What to do about Spiders and Webs

Rita's Monthly Gardening Tips,  August 4, 2015

At this time of year spider webs appear to be at an all-time high. Concern begins to build that spiders are bigger or more numerous this year than ever before. It may be advantageous for the occasional pest control company to perpetuate this myth. Also, media articles and blogs may overemphasize the natural occurrence at this time of year as something bigger, scarier, or less natural to get the attention of readers. It doesn’t take much for most people’s discomfort with spiders to be over activated. A couple of weather station articles lure susceptible readers into thinking that spiders are bigger than ever and heading for your house right now. They attempt to connect this year’s weather with this year’s occurrence of spiders, but the weather is not a significant factor. It is better to get spider information from spider experts.

In reviewing recent literature, it was noticed that rthis same type of spider story is written in various states and countries at this time of year. This makes us realize that the supposed increase in spider size or number is not isolated to our particular town or this particular year or because of this year’s weather being significantly different from the average summer. Although busting spider myths is an uphill battle, Rod Crawford, curator of Arachnids at Burke Museum of Natural History & Culture at the University of Washington in Seattle, is doing an outstanding job of spider myth-busting. Crawford reassures readers that the reason spiders appear to be more numerous in the late summer is because at this point in their life cycle they are fully grown, and males are wandering around looking for a mate. This information is confirmed by Bug Guide, an online resource for information on insects, spiders, and related creatures. According to Bug Guide, orb weaver spiders, for example, appear in the spring but are not noticed until summer to fall.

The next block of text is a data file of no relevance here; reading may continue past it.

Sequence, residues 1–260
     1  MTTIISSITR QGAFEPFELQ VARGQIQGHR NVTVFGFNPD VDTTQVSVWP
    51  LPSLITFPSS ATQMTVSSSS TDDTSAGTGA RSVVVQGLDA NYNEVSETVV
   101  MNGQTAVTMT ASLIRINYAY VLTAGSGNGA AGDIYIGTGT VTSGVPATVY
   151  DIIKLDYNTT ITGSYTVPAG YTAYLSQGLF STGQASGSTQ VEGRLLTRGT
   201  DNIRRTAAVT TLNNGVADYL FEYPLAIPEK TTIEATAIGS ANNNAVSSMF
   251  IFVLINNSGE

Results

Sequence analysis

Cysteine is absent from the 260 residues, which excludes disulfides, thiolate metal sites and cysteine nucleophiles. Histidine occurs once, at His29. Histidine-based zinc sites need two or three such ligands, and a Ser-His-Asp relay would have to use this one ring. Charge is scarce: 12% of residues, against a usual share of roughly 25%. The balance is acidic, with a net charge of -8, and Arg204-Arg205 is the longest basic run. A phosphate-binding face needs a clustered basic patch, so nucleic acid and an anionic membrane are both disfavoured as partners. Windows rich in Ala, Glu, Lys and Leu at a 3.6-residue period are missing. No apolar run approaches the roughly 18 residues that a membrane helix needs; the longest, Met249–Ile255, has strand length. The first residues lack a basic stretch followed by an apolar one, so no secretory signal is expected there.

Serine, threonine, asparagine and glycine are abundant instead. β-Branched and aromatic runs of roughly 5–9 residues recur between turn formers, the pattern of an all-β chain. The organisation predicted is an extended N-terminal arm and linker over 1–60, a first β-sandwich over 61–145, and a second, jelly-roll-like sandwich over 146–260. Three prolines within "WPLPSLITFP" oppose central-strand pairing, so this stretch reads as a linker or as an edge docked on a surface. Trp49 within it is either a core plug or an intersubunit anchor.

Another very reliable source of information about spiders comes from UC Davis. The UC Integrated Pest Management site recommends not using pesticides to control spiders. Regular strong sprays of water from the garden hose is all that is needed to clean webs from plants. Vacuums or dusters can clear away webs from other objects. They remind us that spiders are a very important part of the ecosystem, eating a great quantity of mosquitoes and other pest insects. Spiders also make up a large part of the diet of many birds and reptiles.

Enjoy the links below for more information. Happy Gardening!

http://www.burkemuseum.org/spidermyth/index.html

http://www.ipm.ucdavis.edu/QT/spiderscard.html

http://www.ipm.ucdavis.edu/PMG/PESTNOTES/pn7442.html

http://www.ipm.ucdavis.edu/QT/commongardenspiderscard.html

http://bugguide.net/node/view/1972